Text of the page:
This years festival presents TV series showcasing complex family relationships, gripping political drama, and enthralling entertainment

Lübeck, Oct. 05, 2020. The Danish series “Cry Wolf” (DK, 2019), created by Maja Jul and Pernille Fischer Christensen will see its German premiere at the 62nd Nordic Film Days Lübeck (Nov. 4-8, 2020). The episodic drama begins with a school essay in which 14-year-old Holly describes her stepfather’s violent abuse, triggering a bruising family crisis. Dedicated social worker Lars, played by Bjarne Henriksen (“The Hunt”, “Trapped”), believes Holly is telling the truth and puts her and her seven-year-old brother Theo into foster care. But over time, Lars’ self-assurance begins to waver.
Family structures are also the focus of “Immigrant-ish” (NO, 2020). Three families balance tradition and modern customs, old and new homelands, Norway and Iran, Pakistan, and Turkey. While the young people strive to establish their own cultural identity, their parents’ generation tries to hang on to old traditions. Alcohol and abstinence, sex and chastity, offense and defence are just a few of the waypoints in the families’ stories in this series developed by creators Bahareh Badavi and Melike Leblebicioglu. 

The Arctic Council is skating on the proverbial “Thin Ice” (SE/IS, 2020) when it tries to hammer out a treaty that will ban environmentally disastrous  oil drilling in the Arctic region, while at the very same time, there is a terrorist attack on a Swedish oil research ship off the coast of Greenland. National interest, environmental activism, and the challenges of climate change all have a role to play in the search for the masterminds behind the attack. The leads in this episodic thriller are played by Lena Endre (of the “Millennium” trilogy) and Nukâka Coster-Waldau, familiar to Lübeck audiences from “The Raven and the Seagull” (NFL 2018) and “Anori” (NFL 2019). 

“It is interesting that Nordic crime stories are conspicuously absent from this year’s selection of series for the Nordic Film Days. Instead, a lot of material has been developed that is highly complex, yet accessible for everyday viewers. Realism brings the stories right into our neighbourhood. The Nordic countries continue to spearhead the ongoing re-invention and transformation of the TV genre”, says Christian Modersbach, curator of the series section for the Nordic Film Days Lübeck.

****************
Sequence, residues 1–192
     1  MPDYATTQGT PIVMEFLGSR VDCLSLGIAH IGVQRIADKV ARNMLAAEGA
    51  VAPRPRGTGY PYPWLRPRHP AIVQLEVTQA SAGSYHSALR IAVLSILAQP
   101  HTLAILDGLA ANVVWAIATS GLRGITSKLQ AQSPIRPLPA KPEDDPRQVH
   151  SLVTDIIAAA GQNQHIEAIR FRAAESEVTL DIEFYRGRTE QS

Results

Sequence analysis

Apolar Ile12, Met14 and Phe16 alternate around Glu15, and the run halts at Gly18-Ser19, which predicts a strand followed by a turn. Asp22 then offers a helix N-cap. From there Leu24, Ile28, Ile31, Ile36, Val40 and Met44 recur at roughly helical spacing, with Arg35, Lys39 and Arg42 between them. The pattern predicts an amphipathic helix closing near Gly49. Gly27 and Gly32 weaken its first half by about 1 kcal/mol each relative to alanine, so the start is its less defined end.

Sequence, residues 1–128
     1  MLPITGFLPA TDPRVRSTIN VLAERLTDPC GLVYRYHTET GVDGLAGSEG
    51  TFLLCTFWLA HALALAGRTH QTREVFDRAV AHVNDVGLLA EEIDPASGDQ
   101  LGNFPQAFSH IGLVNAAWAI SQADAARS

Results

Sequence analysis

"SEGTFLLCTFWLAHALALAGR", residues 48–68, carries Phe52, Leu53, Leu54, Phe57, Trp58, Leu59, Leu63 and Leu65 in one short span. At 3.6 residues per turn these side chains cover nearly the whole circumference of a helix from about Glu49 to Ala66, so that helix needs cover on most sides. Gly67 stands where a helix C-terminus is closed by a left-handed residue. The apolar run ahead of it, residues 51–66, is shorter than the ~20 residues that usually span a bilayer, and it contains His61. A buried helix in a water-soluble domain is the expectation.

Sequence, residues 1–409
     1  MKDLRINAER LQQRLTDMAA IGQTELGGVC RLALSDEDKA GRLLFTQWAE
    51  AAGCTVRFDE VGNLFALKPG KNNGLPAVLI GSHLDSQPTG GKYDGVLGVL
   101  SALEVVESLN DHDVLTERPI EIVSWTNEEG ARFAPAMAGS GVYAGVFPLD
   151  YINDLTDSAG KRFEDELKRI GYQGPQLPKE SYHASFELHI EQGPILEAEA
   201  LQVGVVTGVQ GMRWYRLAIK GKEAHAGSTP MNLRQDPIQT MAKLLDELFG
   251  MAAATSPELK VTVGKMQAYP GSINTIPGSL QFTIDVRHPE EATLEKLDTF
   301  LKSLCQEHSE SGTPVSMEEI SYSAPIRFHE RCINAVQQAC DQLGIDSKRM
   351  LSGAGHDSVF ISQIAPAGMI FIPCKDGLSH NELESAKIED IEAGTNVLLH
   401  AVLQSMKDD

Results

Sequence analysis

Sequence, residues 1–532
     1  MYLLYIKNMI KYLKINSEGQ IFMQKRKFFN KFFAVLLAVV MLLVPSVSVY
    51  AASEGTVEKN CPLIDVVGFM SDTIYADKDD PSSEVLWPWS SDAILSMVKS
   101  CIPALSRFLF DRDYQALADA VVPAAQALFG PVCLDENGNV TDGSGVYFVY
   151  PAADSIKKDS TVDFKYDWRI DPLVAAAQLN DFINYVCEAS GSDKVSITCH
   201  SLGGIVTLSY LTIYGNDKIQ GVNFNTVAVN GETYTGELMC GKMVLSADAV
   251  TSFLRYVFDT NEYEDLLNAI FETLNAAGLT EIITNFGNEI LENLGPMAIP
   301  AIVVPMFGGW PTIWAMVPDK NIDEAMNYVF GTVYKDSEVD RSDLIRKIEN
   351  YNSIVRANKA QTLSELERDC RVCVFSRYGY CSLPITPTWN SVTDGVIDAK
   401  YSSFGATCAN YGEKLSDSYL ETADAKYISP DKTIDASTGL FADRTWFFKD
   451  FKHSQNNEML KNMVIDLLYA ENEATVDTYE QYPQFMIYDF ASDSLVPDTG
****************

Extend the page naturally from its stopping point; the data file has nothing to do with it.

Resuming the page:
The Icelandic production “The Minister” (IS, 2020) draws audiences into the political realm. Hrefna, the highly-motivated assistant to Iceland’s newly-elected prime minister, quickly realises that the charismatic head of state, played by Ólafur Darri Ólafsson (“Trapped”, “Fantastic Beasts: The Crimes of Grindelwald”), suffers from bipolar disorder. But how do you discreetly steer a mentally-ill top politician through TV appearances and press conferences without anyone noticing?

Meanwhile, “The Paradise” (FI/ES, 2020) created by Matti Laine moves the action from northern Europe to the sunny southern coast of Spain. A villain is at work in a town where Finnish pensioners go to live out their days. When the Spanish and the Finnish police begin a joint investigation, two worlds collide.

Clearing up a criminal case is also the premise of the Swedish series “We Got This” (SE, 2020) developed by Patrik Eklund, Santiago Gil, and Schiaffino Musarra, who also plays the lead. In the opener, we meet unemployed commercials director George. With a mountain of debt and no job prospects, he needs a quick way to make money. So he decides to solve the murder of Olof Palme and collect the reward. George assembles a gang of equally tragic misfits, who dub themselves the Fantastic Four and set out to investigate the unsolved case.

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Press and Publicity Department
Nordic Film Days Lübeck